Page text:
The 85th Annual Meeting of the American Association of Physical Anthropologists (2016)

The effect of dental impairment on food digestion in wild ring-tailed lemurs (Lemur catta) using fecal nutritional content


1Department of Anthropology, University of Colorado Boulder, 2Department of Anthropology, University of North Dakota

April 16, 2016 , Atrium Ballroom A/B Add to calendar

Ring-tailed lemurs of the Bezà Mahafaly Special Reserve exhibit extensive tooth wear and loss related to fallback consumption of Tamarindus indica fruit. Such impairment may limit capacity to masticate and digest foods, resulting in greater residual fecal nutritional content. Neutral (NDF) and acid detergent (ADF) fiber, acid detergent lignin (ADL), nitrogen (e.g., protein), and ash content were determined for 154 samples from the dry (June-July) and wet (January) seasons for 14 Lemur catta (10♀/ 4♂) of known tooth wear and loss status. Relationships between tooth loss and fecal content were assessed using Wilcoxon’s tests, while the impacts of wear were examined using Spearman’s correlations. Overall, tooth loss was associated with, and wear correlated with, reduced ADL but increased protein and ash. During the dry season, tooth loss was associated with reduced NDF, ADF and ADL but greater ash and protein, while wear correlated negatively with NDF and ADL, but positively with protein and ash. Wet season NDF, ADF and ash were greater among individuals with tooth loss; for wear only a trend (p = 0.061) towards a positive correlation with ash was observed. Higher ratios of hemicellulose and cellulose to ADL were associated with tooth loss and correlated positively with wear, overall and for the dry season. During the wet season, cellulose to ADL correlated positively with wear. Our data indicate dental impairment may reduce fermentation of structural carbohydrates and digestion of protein-rich resources (e.g., leaves). Associations of ash with impairment suggest silicates contribute to tooth wear among Bezà lemurs.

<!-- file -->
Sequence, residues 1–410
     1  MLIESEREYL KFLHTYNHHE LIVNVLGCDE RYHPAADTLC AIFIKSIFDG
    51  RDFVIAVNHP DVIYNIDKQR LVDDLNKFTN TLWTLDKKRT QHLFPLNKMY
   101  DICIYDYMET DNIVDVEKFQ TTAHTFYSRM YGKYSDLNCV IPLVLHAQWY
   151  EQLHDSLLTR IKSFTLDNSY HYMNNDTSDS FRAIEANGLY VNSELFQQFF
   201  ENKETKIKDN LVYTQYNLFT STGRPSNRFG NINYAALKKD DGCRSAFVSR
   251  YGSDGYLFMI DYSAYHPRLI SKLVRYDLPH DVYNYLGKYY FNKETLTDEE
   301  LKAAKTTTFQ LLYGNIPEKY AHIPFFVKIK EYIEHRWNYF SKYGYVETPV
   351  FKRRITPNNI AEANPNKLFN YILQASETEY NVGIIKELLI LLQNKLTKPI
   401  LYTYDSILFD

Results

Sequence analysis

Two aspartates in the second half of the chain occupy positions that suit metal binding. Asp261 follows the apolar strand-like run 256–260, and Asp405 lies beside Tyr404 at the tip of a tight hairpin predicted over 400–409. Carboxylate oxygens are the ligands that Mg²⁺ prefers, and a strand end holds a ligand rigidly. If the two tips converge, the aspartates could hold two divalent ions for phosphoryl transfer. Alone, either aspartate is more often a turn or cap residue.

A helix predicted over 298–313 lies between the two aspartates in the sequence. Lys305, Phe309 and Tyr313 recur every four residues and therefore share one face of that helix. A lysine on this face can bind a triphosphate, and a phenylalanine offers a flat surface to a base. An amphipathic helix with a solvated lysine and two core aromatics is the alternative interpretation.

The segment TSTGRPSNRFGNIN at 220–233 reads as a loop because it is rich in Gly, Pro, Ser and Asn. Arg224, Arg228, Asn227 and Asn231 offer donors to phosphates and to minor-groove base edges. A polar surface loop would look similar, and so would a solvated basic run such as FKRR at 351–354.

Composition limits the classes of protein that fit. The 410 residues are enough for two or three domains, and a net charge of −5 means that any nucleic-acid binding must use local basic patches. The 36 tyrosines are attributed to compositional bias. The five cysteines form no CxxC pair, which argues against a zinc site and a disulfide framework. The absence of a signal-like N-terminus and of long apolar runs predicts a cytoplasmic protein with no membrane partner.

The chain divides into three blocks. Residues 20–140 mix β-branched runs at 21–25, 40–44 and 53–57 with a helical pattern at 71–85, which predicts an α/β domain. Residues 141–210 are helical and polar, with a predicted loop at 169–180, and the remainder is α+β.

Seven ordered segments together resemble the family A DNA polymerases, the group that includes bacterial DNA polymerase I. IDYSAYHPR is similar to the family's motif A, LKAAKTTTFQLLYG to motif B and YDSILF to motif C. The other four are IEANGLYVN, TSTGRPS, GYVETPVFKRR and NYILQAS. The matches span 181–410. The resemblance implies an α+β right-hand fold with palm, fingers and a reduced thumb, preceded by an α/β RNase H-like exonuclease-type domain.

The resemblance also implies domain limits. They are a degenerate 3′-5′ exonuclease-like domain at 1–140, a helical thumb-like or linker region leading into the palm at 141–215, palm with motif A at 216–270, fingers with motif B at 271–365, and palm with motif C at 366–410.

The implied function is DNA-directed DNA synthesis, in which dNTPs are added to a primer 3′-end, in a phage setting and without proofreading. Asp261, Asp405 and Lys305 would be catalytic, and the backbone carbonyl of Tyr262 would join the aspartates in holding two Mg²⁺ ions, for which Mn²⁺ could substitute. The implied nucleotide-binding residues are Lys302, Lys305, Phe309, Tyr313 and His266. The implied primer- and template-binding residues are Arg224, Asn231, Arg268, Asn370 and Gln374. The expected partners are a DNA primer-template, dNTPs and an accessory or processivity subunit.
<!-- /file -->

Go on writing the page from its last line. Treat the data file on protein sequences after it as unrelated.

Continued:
Funding for this project was provided by the National Science Foundation (DDRIG #1231208), the L.S.B. Leakey Foundation, the Scott Ferris Graduate Awards and the University of Colorado Department of Anthropology.